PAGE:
Shin Splints Hurt Like Hell — Here's How I Got Rid of Them For Good
If you're not familiar with shin splints, count your blessings and allow me to explain: they feel like hot, painful prickles going up and down your shinbones. It took me four years of running to get them, and I learned just how apt the name is; it feels like pieces of your shin are fracturing off.
They're best known as a running injury, but don't let that fool you. You can get shin splints from any kind of repetitive, high-impact workout, according to Nirav Pandya, MD, an associate professor of orthopedic surgery at UC San Francisco. Think CrossFit or Zumba — classes with intense, pounding movements on a hard surface, such as concrete or hardwood. And you're especially susceptible if you're starting or changing up a workout or running routine. "It's a reflection that you're doing too much compared to what your body can handle," said Michael Fredericson, MD, professor and director of physical medicine and rehabilitation and sports medicine at Stanford. "The bottom line is that too much stress is being transmitted to the bone and the muscles are not doing their job."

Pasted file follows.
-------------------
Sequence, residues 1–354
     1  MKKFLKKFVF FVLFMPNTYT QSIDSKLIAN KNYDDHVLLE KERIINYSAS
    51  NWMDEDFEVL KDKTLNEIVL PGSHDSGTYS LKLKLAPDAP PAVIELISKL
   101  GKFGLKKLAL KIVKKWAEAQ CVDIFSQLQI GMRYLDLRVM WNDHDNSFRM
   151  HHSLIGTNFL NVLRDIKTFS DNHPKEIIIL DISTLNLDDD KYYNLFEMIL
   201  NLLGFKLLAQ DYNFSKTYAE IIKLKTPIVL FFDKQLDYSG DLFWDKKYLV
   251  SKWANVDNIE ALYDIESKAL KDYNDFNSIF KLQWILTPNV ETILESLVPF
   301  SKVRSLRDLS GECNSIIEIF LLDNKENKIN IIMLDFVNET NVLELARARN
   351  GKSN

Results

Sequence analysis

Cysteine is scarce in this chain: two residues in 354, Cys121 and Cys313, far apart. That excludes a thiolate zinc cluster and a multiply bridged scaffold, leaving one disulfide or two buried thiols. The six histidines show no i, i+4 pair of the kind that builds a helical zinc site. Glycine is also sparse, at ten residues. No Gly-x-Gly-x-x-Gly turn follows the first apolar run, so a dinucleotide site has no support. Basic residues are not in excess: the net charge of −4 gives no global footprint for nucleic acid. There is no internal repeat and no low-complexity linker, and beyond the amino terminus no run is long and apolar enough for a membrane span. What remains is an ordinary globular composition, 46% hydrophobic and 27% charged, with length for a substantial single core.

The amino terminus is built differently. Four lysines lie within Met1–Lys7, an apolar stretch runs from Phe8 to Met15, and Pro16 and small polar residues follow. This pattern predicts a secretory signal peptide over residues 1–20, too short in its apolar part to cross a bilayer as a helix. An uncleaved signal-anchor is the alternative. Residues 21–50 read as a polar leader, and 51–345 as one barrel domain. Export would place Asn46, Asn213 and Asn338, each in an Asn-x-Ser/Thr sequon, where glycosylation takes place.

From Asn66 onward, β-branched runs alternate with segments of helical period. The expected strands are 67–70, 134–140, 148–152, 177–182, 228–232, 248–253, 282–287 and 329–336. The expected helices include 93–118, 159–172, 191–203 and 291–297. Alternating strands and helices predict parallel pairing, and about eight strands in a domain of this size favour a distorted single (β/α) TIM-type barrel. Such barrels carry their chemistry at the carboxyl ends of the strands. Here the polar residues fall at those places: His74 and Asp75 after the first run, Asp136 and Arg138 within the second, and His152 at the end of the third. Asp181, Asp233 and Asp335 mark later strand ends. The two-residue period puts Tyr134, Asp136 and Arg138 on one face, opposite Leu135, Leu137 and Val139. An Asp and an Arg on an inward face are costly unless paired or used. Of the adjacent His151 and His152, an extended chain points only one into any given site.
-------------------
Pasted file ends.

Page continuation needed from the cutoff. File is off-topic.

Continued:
As I found out, shin splints are also triggered by terrain changes. They came for me after I switched from running on the sidewalk to the track: a softer surface, but not what my legs were used to. By that time, I'd heard so much about shin splints that I assumed they were something that most athletes just had to work through. That's not the case at all. Shin splints are technically a low-grade stress response, Dr. Fredericson told POPSUGAR, which means they can turn into a full-blown stress fracture if left untreated. Running through the pain, in fact, is the opposite of what you should do.
Luckily for my ignorant younger self, I mentioned my shin splints in passing to my doctor, not expecting it was something I could fix. He gave me a stretching routine that I've used ever since for both prevention and relief when I've felt those telltale tingles in my shins. I've laid it out in the slides ahead along with some other doctor-approved stretches to try out. Expect some pain and embrace it (you're healing!).